A couple of mainstream media outlets look at the business side of comics … first, the San Mateo County Times talks to several Northern California comic retailers about their customers:
“They are not just for kids, they are for all ages,” said Mike Cresser, owner of Crush Comics in Castro Valley. “They are for males and females. A graphic novel is something that attracts all readers. Just because it’s a comic book or based on a comic doesn’t reduce its appeal.”
Recent sales trends back up suggestions that graphic novels are more popular than they were a few years ago, according to data released by ICv2, a Madison, Wis.-based company that tracks popular culture.
Graphic novels in 2006 generated $330 million in sales in the United States and Canada. That was up 12 percent from $295 million in graphic novel sales in 2005.
Sales of periodical comic books — the kind that usually ship once a month andinclude familiar titles such as “Uncanny X-Men,” “Batman,” “Buffy the Vampire Slayer,” and “Witchblade” — totaled $310 million in 2006, up 15 percent from 2005.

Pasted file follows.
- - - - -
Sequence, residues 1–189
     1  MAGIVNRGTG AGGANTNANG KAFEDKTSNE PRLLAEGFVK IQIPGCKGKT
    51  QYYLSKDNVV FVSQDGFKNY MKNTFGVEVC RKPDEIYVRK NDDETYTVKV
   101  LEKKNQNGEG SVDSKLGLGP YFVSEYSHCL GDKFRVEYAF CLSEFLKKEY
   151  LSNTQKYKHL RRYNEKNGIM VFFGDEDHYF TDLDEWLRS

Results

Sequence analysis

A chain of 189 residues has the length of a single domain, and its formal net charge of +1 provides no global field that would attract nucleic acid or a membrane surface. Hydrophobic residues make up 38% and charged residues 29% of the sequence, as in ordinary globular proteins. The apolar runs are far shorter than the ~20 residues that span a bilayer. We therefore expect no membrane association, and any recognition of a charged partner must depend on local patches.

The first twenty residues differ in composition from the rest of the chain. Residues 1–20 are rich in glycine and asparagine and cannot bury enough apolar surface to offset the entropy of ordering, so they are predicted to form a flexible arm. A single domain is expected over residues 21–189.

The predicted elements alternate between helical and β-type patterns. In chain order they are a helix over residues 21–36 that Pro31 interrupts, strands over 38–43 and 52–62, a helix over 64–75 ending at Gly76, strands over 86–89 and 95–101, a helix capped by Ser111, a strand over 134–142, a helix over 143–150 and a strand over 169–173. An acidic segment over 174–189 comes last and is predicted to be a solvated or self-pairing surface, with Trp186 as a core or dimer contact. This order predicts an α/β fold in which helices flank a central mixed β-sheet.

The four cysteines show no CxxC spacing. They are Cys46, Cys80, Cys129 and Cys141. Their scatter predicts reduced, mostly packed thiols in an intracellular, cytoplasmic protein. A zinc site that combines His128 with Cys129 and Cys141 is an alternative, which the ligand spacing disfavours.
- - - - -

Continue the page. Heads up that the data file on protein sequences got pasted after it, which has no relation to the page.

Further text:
“Do we see more women and more girls getting into comics? Yes, more so than we ever have,” said Joe Field, owner of Flying Colors Comics in Concord. “Graphic novels and other comics are driving a lot of fans of all ages into comics shops to get the next dose of their favorite characters.”
And second, the Edmonton, Alberta-area Brandon Sun looks at how comics and the Internet aren’t the enemies that the music industry and the ‘net seem to be:
Online comics, moving into their second decade, are growing with Flash-like speed. But those who study and make a living in the comics business say that, unlike music providers being marauded by illegal downloaders and cyber-pirates, the Internet has been more of a trusty sidekick than an arch-villain.
“The whole thing is in its infancy,” said David Bryenton, owner of Warp One Comics and Games, in Edmonton.
“(The Internet) may present new challenges, but in the 23 years we’ve been here, there have always been challenges.”